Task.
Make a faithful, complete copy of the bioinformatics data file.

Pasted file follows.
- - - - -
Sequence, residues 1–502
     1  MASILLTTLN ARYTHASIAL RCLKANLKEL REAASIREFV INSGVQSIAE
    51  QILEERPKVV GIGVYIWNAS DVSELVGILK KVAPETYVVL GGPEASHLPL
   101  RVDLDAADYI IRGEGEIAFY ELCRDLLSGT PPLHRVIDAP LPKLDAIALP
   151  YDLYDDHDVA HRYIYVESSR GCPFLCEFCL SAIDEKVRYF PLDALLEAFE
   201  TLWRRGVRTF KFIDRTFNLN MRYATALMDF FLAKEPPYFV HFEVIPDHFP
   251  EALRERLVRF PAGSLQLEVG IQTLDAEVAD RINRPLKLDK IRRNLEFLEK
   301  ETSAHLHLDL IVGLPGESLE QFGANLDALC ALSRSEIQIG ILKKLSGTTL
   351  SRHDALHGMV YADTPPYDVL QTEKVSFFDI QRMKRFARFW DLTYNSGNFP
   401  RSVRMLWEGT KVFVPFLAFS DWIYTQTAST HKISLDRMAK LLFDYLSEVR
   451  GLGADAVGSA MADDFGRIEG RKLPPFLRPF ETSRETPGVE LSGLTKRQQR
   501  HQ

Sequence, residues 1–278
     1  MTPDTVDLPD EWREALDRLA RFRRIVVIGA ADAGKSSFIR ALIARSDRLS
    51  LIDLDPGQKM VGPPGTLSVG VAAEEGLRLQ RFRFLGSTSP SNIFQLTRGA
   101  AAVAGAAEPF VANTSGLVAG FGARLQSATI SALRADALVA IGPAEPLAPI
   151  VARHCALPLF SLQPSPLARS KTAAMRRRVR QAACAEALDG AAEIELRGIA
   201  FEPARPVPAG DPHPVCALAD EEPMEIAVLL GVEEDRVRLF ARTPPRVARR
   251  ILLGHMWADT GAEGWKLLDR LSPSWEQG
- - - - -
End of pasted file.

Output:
Sequence, residues 1–502
     1  MASILLTTLN ARYTHASIAL RCLKANLKEL REAASIREFV INSGVQSIAE
    51  QILEERPKVV GIGVYIWNAS DVSELVGILK KVAPETYVVL GGPEASHLPL
   101  RVDLDAADYI IRGEGEIAFY ELCRDLLSGT PPLHRVIDAP LPKLDAIALP
   151  YDLYDDHDVA HRYIYVESSR GCPFLCEFCL SAIDEKVRYF PLDALLEAFE
   201  TLWRRGVRTF KFIDRTFNLN MRYATALMDF FLAKEPPYFV HFEVIPDHFP
   251  EALRERLVRF PAGSLQLEVG IQTLDAEVAD RINRPLKLDK IRRNLEFLEK
   301  ETSAHLHLDL IVGLPGESLE QFGANLDALC ALSRSEIQIG ILKKLSGTTL
   351  SRHDALHGMV YADTPPYDVL QTEKVSFFDI QRMKRFARFW DLTYNSGNFP
   401  RSVRMLWEGT KVFVPFLAFS DWIYTQTAST HKISLDRMAK LLFDYLSEVR
   451  GLGADAVGSA MADDFGRIEG RKLPPFLRPF ETSRETPGVE LSGLTKRQQR
   501  HQ

Sequence, residues 1–278
     1  MTPDTVDLPD EWREALDRLA RFRRIVVIGA ADAGKSSFIR ALIARSDRLS
    51  LIDLDPGQKM VGPPGTLSVG VAAEEGLRLQ RFRFLGSTSP SNIFQLTRGA
   101  AAVAGAAEPF VANTSGLVAG FGARLQSATI SALRADALVA IGPAEPLAPI
   151  VARHCALPLF SLQPSPLARS KTAAMRRRVR QAACAEALDG AAEIELRGIA
   201  FEPARPVPAG DPHPVCALAD EEPMEIAVLL GVEEDRVRLF ARTPPRVARR
   251  ILLGHMWADT GAEGWKLLDR LSPSWEQG